A couple of years ago, the US Geological Survey (USGS) completed a massive two-year research into the Arctic's mineral resources. The project also involved Russian, Canadian, Danish, Greenlandic and Norwegian scientists.

According to the USGS, there is a 95% probability that there could be at least 90 billion barrels of oil - up to 25 percent of the world's undiscovered reserves - and 50 trillion cubic meters (1,669 trillion cubic feet) of gas in the wider Arctic region.  Oil is mostly to be found off Greenland and Alaska, while natural gas lies near or in Russia's Arctic region. The study included only reserves that could be tapped using existing techniques. Experimental or unconventional prospects such as oil shale, gas hydrates and coal-bed methane were not included in the assessment.

More than half of the undiscovered oil resources are estimated to occur in just three geologic provinces: Arctic Alaska (30 billion barrels), the Amerasia Basin (9.7 billion barrels) and the East Greenland Rift Basins (8.9 billion barrels). More than 70 per cent of the undiscovered natural gas is likely to be in three provinces: the West Siberian Basin, the East Barents Basins (all in Russia) and Arctic Alaska.

The 90 billion barrels of oil expected to be in the Arctic in total are more than all the known reserves of Nigeria, Kazakhstan and Mexico combined, and could meet current world oil demand of 86.4 million barrels a day for almost three years.  

Environmentalists are above all worried that offshore drilling runs the risk of polluting the world's last untouched expanse, the Arctic, especially after BP's Deepwater Horizon blowout in the Gulf of Mexico in April 2010, which leaked nearly 5 million barrels of oil into the ocean.

A similar disaster in the Arctic would have much more destructive consequences because hydrocarbons do not disintegrate in cold water and take a very long time to evaporate in freezing temperatures. This means that possible spills would sink to the seabed - polluting the ocean for years to come.

It is amazing to see how many countries are actually lining up in front of the Arctic gateway. About five years ago the main regional organization here was the Arctic Council, composed of Denmark, Finland, Iceland, Canada, Norway, Russia, Sweden and the United States. Now the Council is larger than the Arctic, because the United Kingdom, France, Germany, the Netherlands, Poland, Spain, China, Italy and South Korea have received observer status within it.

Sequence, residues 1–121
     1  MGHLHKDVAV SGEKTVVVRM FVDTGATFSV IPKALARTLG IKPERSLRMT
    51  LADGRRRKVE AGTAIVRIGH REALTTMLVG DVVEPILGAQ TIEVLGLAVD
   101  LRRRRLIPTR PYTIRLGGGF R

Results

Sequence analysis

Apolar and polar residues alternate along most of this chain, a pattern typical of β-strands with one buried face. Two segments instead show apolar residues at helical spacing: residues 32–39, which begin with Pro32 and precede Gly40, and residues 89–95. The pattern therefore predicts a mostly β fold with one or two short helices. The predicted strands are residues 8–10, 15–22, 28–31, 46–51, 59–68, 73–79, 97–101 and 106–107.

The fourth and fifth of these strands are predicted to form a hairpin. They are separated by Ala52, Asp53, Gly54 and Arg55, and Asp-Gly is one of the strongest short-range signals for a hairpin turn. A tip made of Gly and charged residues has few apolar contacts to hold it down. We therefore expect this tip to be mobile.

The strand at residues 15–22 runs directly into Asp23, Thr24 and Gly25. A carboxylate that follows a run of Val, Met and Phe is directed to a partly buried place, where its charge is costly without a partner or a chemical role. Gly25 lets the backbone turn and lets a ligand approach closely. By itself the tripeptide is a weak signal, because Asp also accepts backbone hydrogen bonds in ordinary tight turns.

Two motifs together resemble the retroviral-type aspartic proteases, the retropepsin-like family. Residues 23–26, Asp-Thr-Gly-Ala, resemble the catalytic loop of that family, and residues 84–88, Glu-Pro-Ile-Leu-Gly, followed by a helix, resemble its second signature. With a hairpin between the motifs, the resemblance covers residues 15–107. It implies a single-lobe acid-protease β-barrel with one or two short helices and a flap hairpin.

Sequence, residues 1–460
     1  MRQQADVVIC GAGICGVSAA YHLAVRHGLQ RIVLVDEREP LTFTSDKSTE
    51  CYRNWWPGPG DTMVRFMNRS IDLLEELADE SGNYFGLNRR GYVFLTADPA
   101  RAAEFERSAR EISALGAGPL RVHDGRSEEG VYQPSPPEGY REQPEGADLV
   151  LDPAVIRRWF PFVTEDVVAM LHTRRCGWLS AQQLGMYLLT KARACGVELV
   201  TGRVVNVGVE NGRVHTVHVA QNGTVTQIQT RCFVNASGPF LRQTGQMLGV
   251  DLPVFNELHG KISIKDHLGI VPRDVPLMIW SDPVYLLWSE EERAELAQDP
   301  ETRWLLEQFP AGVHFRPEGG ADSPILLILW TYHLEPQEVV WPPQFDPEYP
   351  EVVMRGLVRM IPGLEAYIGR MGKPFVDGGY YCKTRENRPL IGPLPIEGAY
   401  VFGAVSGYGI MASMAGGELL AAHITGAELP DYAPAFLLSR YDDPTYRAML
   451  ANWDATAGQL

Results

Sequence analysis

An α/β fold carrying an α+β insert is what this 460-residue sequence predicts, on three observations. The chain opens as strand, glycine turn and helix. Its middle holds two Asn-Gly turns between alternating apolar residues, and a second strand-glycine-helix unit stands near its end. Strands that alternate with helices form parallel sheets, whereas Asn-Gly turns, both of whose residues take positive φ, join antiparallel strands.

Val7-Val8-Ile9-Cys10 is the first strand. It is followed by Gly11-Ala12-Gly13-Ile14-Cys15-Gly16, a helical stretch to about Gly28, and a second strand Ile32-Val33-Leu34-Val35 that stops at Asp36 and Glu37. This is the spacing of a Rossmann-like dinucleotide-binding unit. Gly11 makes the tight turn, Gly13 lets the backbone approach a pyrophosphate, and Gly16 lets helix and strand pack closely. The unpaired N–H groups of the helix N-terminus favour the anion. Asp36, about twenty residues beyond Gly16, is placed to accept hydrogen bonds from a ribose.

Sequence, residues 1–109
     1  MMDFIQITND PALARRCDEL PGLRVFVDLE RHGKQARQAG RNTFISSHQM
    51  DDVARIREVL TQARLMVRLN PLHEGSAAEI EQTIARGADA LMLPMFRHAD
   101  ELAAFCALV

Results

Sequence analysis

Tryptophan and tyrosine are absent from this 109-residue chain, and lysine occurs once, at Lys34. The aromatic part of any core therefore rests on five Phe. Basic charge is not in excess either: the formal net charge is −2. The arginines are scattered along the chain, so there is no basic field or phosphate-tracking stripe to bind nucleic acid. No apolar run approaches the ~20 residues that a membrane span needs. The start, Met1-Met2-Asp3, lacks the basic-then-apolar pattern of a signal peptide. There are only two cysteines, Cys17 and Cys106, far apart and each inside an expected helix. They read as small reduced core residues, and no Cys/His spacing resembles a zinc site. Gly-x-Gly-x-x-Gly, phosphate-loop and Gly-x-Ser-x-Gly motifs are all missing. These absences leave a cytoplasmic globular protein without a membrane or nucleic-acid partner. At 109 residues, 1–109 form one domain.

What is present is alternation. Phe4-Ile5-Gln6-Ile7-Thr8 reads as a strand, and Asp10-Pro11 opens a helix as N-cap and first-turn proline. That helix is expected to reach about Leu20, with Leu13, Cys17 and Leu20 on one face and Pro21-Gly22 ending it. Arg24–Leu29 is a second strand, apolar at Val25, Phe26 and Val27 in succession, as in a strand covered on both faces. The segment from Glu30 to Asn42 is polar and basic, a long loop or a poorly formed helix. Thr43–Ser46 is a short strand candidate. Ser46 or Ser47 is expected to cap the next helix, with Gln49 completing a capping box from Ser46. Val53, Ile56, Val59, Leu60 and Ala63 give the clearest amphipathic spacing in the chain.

Beijing is shifting its gaze in the direction of the Arctic and has started to convert its theoretical Arctic research programs into applied research. China's completely modernized Soviet-era Ukrainian-built Xue Long or Snow Dragon icebreaker, the largest conventional icebreaker in the world, currently plies Arctic waters. Sea routes in northern Canada and Russia are now open for navigation longer than usual due to global warming. Year-round navigation along these routes would reduce the distance between China and Germany, China and the U.S. East Coast by 6,000-7,000 km in either direction.

Russia claims to own the North Pole and the claim are based on the Lomonosov Ridge, an undersea ridge extending north from Siberia. But since the ridge extends all the way to North America, the Danes and the Canadians might also assert the same claim. In 2007, to much media fanfare and annoyance of other Arctic countries, the Russians planted a flag on the seabed some 2.5 miles beneath the ice at the North Pole, and dispatched a nuclear-powered icebreaker to map a subsea link between the Pole and Siberia.

The Arctic waters and shelf are governed by theUnited Nations Convention on the Law of the Sea (UNCLOS) also called the Law of the Sea treaty of 1982 – the maritime constitution of the world.

Under a 1982 treaty—not yet ratified by the United States—the United Nations Commission on the Limits of the Continental Shelf rules on claims for extended territorial waters.

Each country must submit its claims to the commission within ten years of signing the treaty, which is 2013 for Canada and 2014 for Denmark.
Russia asserted its claim to a 1.2-million-square-kilometer (460,000-square-mile) zone in 2001.